The events and features found to be most relevant to quantifying hole cleanliness were the circulation rates during drilling, tight spots when moving the drill string, bit hydraulics and prolonged periods of inactivity. The Bayesian network model relied on pattern analysis event logging procedures that kept track of hole-cleaning events over time, which consolidated several hours of drilling information into relevant hold-cleaning features that could be processed quickly. The event logging procedures also allowed the Bayesian network model to operate with less RAM and CPU power compared with a traditional cuttings transport model. 

Because poor hole condition can be extrapolated from the hole-cleaning efficiency belief, this method was used in tandem with Sentinel RT’s alerting system to notify rig personnel if hole conditions became poor enough to warrant corrective action. This alert contained possible causes for the poor hole condition based on the efficiency beliefs, which helped expedite troubleshooting. 

The model was validated statistically by comparing hole-cleaning efficiency beliefs with known hole-cleaning issues in six Apache wells – four with known issues and two control wells without. The model was 84.8% effective at detecting known hole-cleaning issues across the wells analyzed. On each rig, the system was run continuously on an edge computing device during well operations, providing real-time hole-cleaning effectiveness belief outputs based on the drilling data received by the device. 

The system was helpful not only in alerting the drillers whenever hole cleanliness deteriorated but also in providing the most likely causes of the deterioration. This provided the rig crews real-time guidance to make actionable decisions to avoid a stuck-pipe situation.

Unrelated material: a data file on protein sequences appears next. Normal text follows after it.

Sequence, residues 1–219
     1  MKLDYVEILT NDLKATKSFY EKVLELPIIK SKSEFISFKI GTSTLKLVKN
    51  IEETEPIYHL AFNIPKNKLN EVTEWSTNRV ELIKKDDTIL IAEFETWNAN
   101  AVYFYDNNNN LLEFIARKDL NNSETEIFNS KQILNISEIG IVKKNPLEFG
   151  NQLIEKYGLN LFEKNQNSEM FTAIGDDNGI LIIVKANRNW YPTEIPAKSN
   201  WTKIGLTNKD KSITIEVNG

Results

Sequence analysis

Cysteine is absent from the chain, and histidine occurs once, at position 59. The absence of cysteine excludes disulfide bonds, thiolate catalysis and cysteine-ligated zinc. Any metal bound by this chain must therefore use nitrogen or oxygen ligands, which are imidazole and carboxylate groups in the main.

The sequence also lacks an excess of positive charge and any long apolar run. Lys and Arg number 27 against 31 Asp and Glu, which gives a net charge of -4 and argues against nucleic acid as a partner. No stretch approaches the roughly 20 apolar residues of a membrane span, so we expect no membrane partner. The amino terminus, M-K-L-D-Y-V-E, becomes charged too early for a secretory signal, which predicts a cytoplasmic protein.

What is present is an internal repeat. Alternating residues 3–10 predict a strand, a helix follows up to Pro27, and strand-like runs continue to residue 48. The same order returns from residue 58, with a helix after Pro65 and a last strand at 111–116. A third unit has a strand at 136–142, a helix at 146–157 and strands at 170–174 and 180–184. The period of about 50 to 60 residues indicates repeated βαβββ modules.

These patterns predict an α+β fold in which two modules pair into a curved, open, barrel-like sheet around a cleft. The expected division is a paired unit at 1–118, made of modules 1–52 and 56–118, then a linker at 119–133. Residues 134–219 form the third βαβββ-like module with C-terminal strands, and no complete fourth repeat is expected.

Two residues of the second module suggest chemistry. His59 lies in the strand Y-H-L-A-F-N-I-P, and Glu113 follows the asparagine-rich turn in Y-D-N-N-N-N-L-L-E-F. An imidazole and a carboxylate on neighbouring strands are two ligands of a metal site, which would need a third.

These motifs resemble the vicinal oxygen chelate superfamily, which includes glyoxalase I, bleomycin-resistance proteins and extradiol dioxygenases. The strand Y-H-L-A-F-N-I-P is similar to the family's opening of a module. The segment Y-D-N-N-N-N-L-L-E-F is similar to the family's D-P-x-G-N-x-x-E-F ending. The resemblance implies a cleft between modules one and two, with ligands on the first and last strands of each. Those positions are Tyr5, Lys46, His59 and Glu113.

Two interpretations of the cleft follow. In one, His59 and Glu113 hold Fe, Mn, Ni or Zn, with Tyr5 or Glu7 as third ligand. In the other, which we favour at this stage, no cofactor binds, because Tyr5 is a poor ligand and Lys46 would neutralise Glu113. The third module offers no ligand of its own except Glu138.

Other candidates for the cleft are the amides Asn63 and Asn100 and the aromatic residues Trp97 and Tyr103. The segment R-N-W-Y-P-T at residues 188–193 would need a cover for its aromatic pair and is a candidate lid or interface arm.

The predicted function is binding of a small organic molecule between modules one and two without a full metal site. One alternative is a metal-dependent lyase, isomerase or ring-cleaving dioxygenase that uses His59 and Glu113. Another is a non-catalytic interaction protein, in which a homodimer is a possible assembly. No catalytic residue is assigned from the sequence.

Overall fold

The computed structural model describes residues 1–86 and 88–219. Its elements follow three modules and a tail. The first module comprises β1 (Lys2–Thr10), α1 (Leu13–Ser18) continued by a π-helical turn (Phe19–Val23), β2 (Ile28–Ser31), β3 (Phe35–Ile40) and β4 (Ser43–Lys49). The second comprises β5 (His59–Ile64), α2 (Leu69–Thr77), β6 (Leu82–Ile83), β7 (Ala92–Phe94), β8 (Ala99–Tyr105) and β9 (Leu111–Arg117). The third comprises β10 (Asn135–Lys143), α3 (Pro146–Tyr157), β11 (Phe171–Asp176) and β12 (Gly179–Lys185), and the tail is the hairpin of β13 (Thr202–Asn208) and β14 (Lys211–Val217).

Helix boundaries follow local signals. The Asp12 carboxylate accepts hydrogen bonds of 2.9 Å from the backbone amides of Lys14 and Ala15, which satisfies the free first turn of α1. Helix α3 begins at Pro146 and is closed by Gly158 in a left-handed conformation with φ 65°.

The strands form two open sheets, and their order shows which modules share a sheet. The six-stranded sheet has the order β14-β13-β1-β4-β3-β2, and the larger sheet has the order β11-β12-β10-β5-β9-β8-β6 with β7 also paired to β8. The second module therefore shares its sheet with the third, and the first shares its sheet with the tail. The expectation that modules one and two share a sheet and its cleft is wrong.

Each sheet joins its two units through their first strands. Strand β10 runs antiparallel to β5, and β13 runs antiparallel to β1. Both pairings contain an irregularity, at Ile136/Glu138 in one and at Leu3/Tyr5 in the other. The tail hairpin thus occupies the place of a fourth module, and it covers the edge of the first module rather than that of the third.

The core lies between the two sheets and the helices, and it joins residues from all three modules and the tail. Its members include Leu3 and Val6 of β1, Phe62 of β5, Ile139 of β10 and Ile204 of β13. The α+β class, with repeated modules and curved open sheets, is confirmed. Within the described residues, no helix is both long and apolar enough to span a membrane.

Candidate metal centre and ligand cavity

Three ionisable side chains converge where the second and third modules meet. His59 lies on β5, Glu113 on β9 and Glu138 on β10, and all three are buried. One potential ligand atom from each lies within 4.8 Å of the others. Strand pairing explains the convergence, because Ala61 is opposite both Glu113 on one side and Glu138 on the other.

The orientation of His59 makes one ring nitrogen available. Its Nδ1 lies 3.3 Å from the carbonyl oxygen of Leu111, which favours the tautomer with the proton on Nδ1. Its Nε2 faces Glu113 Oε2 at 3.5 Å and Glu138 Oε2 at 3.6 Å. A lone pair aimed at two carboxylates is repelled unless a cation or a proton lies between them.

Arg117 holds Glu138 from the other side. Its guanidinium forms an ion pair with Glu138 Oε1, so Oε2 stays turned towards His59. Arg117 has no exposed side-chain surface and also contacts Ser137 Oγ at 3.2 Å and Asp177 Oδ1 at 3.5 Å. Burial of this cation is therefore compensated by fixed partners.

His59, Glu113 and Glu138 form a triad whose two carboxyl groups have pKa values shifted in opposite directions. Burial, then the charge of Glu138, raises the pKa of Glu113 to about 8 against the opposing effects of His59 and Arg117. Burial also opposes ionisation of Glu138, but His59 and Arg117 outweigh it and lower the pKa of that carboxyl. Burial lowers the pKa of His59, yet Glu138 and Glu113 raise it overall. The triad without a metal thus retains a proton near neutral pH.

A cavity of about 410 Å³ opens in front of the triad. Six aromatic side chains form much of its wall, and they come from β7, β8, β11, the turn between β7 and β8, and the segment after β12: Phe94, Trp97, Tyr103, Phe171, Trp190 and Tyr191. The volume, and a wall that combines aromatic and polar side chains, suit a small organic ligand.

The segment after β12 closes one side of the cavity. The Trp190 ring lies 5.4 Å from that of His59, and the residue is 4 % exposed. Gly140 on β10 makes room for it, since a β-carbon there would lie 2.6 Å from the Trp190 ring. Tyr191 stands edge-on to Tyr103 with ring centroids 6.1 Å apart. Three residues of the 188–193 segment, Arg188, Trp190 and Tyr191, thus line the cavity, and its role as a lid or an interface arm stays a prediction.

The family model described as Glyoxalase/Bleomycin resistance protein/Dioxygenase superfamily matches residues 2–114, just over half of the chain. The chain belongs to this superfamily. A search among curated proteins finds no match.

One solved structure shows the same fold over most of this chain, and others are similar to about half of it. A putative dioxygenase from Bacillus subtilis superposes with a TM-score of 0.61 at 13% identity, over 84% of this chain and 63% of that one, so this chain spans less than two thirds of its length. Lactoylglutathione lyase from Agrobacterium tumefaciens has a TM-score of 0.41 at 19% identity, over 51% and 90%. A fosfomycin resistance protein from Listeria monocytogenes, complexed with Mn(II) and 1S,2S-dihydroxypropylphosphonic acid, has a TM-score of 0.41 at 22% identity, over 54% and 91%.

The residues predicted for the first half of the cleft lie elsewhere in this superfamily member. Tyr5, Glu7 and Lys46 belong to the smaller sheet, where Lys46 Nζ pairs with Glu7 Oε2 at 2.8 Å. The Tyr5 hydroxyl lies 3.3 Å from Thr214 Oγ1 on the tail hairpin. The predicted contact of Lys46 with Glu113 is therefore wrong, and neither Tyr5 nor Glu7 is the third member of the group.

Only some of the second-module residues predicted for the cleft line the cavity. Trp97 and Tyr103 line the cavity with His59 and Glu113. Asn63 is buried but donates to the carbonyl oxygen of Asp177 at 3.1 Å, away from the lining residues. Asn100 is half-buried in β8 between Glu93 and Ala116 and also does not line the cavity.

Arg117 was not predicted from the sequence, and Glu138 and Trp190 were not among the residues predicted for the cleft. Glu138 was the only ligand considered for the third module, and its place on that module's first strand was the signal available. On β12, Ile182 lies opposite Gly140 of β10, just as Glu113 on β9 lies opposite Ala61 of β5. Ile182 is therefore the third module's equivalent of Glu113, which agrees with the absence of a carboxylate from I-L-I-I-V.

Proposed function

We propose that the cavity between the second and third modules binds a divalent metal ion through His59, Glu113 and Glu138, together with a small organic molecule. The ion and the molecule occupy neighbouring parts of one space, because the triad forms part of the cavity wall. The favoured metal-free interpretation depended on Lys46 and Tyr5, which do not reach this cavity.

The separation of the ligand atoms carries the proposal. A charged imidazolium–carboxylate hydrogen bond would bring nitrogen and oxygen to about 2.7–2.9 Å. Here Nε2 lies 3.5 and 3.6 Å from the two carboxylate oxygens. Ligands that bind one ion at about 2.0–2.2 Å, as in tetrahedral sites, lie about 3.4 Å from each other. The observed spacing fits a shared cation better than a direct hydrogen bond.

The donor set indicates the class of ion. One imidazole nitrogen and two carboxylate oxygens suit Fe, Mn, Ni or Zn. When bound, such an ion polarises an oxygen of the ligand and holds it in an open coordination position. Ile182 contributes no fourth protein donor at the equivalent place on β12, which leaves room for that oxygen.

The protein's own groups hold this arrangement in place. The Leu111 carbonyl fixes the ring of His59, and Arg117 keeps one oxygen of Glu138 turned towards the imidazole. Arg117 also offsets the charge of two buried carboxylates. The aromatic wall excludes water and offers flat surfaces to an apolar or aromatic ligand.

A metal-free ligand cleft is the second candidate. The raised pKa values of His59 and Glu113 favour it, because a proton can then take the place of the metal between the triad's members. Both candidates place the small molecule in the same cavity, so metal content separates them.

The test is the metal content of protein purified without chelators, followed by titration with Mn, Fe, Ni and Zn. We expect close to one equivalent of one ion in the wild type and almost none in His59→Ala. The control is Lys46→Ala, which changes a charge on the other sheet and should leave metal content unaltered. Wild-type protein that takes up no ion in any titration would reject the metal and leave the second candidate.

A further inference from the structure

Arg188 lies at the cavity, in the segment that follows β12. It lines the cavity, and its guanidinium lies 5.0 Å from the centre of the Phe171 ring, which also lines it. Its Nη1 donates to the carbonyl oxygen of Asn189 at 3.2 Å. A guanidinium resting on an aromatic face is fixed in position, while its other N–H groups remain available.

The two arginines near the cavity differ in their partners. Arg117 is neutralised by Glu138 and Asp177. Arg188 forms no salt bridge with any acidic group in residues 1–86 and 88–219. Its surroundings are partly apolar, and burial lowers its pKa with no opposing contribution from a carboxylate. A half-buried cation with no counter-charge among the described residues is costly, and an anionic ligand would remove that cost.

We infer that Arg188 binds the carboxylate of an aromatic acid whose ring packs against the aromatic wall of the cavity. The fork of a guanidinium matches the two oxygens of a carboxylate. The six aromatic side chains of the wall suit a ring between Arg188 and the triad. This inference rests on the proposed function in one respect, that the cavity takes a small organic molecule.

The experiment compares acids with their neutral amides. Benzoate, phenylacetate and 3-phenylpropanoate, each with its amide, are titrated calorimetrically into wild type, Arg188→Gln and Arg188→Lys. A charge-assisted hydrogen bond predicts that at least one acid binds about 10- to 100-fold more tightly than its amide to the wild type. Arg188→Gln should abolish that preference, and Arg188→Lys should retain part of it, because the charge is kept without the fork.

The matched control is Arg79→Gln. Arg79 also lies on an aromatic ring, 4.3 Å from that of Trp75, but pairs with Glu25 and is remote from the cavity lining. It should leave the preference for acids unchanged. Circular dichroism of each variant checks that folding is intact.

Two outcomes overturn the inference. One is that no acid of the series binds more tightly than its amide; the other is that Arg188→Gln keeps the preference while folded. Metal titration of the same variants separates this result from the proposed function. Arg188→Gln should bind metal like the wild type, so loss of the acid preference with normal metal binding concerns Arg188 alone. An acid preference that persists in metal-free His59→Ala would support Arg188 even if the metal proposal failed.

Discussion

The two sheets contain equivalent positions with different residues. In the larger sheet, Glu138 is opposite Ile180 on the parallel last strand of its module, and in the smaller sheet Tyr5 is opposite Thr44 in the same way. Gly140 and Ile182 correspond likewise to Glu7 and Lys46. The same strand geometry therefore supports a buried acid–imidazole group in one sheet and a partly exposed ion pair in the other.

Open source and data management

Digital transformation initiatives in E&P often run into a wall when it comes to deploying at scale. That is because data is typically siloed and does not lend itself to easy cross-domain collaboration. Moreover, there is often a lack of understanding between companies on how to handle data for specific projects. There can also be a lack of trust in the data because its lineage is often not available. 

The OSDU Data Platform provides a standardized cloud-based platform for storing subsurface and wells data. It can enable interoperability within the oil and gas industry, but only if a critical mass of vendors and operators use the same data model.

One industry group, The Open Group OSDU (Open Subsurface Data Universe) Forum, is hoping to address these issues by improving how data can be accessed and analyzed. Formed in 2018 by a group of major operators, including Shell, BP and Equinor, the OSDU Forum is a vendor-neutral technology consortium that promotes and utilizes technology standards, digital technologies and best practices for the business and technical issues related to subsurface data.